The North Carolina Forest Service is offering a 25% discount on tree seedling orders to military personnel throughout the month of November to honor their service.
The rebate will also help the NCFS Nursery and Tree Improvement Program, which has grown about 15 million seedlings per year, which can cover nearly 30,000 acres of land.
NCFS grows and distributes seedlings native to North Carolina and aims to create locally adapted wildlife to develop a diverse customer base.
Since 1986, the Forest Service has provided forest planning and planting assistance for Camp Butner, a base 15 miles north of Durham. Camp Lejeune and Fort Bragg have also partnered with NCFS on their pine restoration project.
“We have these training bases across the state, and they need rural land around their bases, around their facilities, to train – for airplane flight paths and all that stuff.” said Jim Slye, the Nursery and Tree Improvement Program supervisor. “So it’s in everyone’s best interest to have these farms and forests operating. “
Slye said the “tree improvement” part of the nursery and tree improvement program involves selecting genetic traits that are favorable for reproduction, but the trees are not genetically modified.
“What do you want to plant? Slye said. “Do you want to plant the worst specimen you can find or do you want to plant the best specimen you can find? And that’s where tree improvement comes in.
Aaron Moody, who teaches in the geography department at UNC, said he believes people should prioritize building a diverse and healthy ecosystem when trying to figure out where to grow forests and determine which tree species to plant.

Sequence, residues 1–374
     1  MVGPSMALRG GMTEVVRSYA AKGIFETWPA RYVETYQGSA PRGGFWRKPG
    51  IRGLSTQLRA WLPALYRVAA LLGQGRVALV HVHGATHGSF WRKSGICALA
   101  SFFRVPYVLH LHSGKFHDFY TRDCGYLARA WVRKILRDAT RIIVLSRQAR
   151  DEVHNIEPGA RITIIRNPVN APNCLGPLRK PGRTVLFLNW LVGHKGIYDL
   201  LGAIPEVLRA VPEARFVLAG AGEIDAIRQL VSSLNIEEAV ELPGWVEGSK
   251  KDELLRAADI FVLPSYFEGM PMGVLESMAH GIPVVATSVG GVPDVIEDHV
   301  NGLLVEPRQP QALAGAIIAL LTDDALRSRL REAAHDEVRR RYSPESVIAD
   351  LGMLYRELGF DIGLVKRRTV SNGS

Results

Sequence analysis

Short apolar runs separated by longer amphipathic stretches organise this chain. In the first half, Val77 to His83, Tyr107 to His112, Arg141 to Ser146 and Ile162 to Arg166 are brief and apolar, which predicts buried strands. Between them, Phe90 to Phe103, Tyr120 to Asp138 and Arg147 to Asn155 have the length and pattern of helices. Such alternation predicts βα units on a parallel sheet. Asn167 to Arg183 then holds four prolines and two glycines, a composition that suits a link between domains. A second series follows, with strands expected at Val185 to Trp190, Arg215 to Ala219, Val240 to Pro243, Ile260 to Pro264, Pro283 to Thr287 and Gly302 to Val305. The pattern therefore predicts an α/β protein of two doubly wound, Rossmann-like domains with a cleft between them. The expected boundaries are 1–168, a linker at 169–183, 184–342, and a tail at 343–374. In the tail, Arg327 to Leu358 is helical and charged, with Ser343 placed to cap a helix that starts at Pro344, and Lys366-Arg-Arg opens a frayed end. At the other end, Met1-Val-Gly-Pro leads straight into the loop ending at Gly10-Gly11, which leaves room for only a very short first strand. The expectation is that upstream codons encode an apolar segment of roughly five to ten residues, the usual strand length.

“I think planting trees is a good idea, but it has to be the right mix of trees and it has to be in the right places,” Moody said. “So not just where you can grow trees, but where trees are going to do the most good and not hurt.”
He noted that initiatives to create or revitalize the world’s forests with the aim of slowing climate change are well-intentioned and marketable, but such efforts can end up harming ecosystems if important factors, like age and the diversity of species, are not taken into account.
“We don’t want to replace healthy, complex and diverse ecosystems with largely lifeless monocultures,” Moody said. “So if reforestation means planting one type of tree over large areas, it could sequester carbon, but it wouldn’t replace natural forest ecosystems either.”
Building a sustainable forest sector in North Carolina requires stopping the elimination of healthy, functioning forest ecosystems, Moody said. He does not want reforestation to become a justification for logging elsewhere.
Through the program, Slye said NCFS hopes to grow genetically strong trees in large quantities for their few thousand clients to implement reforestation and afforestation.
North Carolina Agriculture Commissioner Steve Troxler said he was grateful for the service of active military personnel and veterans, many of whom are forest owners in the state.
“Providing this rebate is a way to honor their service and help North Carolina grow new forests and regrow forests after harvest, ensuring the long-term success of our vibrant forest industry,” said Troxler said.
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